In November 2010, Olive executed a second "Photograph and Likeness Release" allowing GNC to use his image and likeness on print media displayed on any company trucks and other vehicles in North America. Olive was paid $8,000 for this agreement, which is valid through December 31, 2021.

GNC’s marketing team approved Arnell’s selections. GNC launched its new advertising campaign in January 2011. Olive’s image was used in outdoor billboards, bus shelters, kiosks, social media websites, direct mail advertising, as well as in-store posters and signage. Olive was "shocked" and "angered" when he discovered the vast scope of the advertising campaign. Olive believed he agreed to "a very small job" in light of what he perceived to be a small fee, and he felt he was doing a favor for the Arnell Agency.

In May 2011, GNC decided to pursue a new photo shoot in an effort to update its promotional graphics. GNC wanted its new approach to resonate with updates to its stores. None of the models from the September photo shoot, including Olive, were invited to the new shoot.

GNC terminated its relationship with the Arnell Agency after Arnell’s principals divorced. GNC expected the agency would continue managing the models it used and maintain any outstanding release agreements. GNC did not immediately hire a replacement advertising agency, and no one was tasked with keeping track of model release agreements.

GNC’s Right to Use Olive’s Likeness Expires

GNC declined to renew the release agreement, and Olive told Ferrari he wanted to end his relationship with GNC. On January 9, 2012, Ferrari emailed GNC to confirm it was no longer authorized to continue using Olive’s image.3 He never received a response. Olive eventually fired Ferrari.

Celina Petronzi, an employee in GNC’s marketing department, was tasked with

239 Cal.Rptr.3d 623

responding to Ferrari’s inquiry, but she failed to do so. Petronzi emailed GNC’s Vice President of marketing, informing her that some talent from the September 2010 Arnell photo shoot was going to expire, and asking about what imagery would be used going forward. The marketing department was unaware that the releases had expired and was not familiar with Olive.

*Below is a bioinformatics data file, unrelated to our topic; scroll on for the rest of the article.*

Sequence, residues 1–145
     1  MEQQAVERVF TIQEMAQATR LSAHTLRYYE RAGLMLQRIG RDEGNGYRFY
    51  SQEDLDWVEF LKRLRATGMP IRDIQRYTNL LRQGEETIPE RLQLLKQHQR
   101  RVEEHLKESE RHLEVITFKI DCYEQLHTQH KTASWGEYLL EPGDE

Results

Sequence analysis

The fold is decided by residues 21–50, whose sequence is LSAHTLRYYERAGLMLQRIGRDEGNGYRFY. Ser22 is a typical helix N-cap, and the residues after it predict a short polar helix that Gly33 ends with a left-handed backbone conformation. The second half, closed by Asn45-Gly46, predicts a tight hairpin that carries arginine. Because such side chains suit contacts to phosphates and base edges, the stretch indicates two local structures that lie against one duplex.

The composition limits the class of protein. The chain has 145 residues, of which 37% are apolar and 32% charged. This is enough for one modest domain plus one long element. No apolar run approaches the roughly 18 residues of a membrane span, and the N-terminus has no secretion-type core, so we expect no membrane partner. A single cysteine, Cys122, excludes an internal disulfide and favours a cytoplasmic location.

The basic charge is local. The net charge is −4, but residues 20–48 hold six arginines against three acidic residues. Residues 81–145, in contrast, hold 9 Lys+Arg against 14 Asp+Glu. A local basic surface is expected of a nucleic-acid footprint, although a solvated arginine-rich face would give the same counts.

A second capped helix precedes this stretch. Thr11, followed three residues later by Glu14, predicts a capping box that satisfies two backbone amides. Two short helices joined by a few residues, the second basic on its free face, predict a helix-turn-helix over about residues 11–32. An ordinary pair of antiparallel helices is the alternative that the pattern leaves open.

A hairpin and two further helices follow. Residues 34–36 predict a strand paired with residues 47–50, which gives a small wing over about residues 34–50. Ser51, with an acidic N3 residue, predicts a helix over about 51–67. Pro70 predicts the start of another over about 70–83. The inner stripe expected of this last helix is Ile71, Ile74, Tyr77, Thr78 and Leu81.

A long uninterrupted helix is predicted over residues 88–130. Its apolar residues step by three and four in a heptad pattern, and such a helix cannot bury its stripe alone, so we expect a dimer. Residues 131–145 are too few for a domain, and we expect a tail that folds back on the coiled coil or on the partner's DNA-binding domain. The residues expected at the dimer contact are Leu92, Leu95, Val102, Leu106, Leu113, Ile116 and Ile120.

After discovering the oversight, GNC negotiated extensions for every model used in the September 2010 shoot, except Olive. The company was prepared to replace the images of any model who "was difficult" during negotiation. GNC paid between $7,500 and $32,000 to the models in exchange for five-year extensions. GNC retained a new advertising agency in April 2012.

GNC continued its efforts to negotiate a release extension with Olive, but he refused and instead filed suit. Later in 2012, GNC attempted a last ditch effort to negotiate an extension with Olive for $150,000. Olive rejected the offer. GNC removed Olive’s image from its marketing materials in either November or December of 2012, incurring approximately $350,000 in take-down expenses.

Olive’s Complaint and GNC’s Answer

Olive’s complaint alleged causes of action for common law misappropriation of likeness and statutory misappropriation of likeness ( § 3344 ). He also sought restitution for unjust enrichment. Pursuant to section 3344, subdivision (a), Olive requested disgorgement of any profits from GNC’s unauthorized use of his image. GNC initially denied Olive’s allegations, but it admitted liability for the unauthorized use of Olive’s image prior to trial.

GNC’s Motions In Limine

Olive designated three experts to offer their opinions regarding GNC’s profits attributable to its unauthorized use of his image: (1) Weston Anson; (2) Leonard Lyons; and (3) Jeff Anderson. GNC moved in limine to exclude Anson and Lyons from testifying at trial.4

GNC sought to exclude Anson from opining as to Olive’s damages and the apportionment of GNC’s profits to its use of his image. The company argued Anson’s opinions were speculative and unreliable. GNC also sought to exclude Lyons because his opinion was based on Anson’s speculative and flawed analysis. Following a hearing, the trial court granted GNC’s in limine motions to exclude Anson and Lyons.

Jury Verdict and Judgment

The jury ultimately awarded Olive a total of $1,123,000 in damages, consisting of $213,000 in actual damages and $910,000 in emotional distress damages. The jury found that Olive failed to prove any of GNC’s profits were attributable to the unauthorized use of his image, and that GNC had not acted with malice or fraud. The trial court separately returned a defense verdict on Olive’s equitable claim for unjust enrichment. The court...